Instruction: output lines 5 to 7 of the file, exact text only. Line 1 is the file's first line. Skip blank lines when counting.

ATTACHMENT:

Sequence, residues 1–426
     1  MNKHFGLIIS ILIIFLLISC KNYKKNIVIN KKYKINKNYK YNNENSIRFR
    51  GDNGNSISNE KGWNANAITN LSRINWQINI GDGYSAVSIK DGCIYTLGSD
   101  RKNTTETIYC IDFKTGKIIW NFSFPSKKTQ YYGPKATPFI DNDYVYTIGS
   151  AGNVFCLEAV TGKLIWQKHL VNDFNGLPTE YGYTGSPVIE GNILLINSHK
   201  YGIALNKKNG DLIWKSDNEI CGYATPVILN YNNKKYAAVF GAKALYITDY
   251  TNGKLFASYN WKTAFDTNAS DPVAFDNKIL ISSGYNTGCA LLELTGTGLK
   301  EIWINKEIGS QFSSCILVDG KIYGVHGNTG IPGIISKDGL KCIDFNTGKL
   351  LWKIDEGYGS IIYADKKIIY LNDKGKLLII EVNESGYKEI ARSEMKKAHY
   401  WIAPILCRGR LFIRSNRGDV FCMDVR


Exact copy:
   151  AGNVFCLEAV TGKLIWQKHL VNDFNGLPTE YGYTGSPVIE GNILLINSHK
   201  YGIALNKKNG DLIWKSDNEI CGYATPVILN YNNKKYAAVF GAKALYITDY
   251  TNGKLFASYN WKTAFDTNAS DPVAFDNKIL ISSGYNTGCA LLELTGTGLK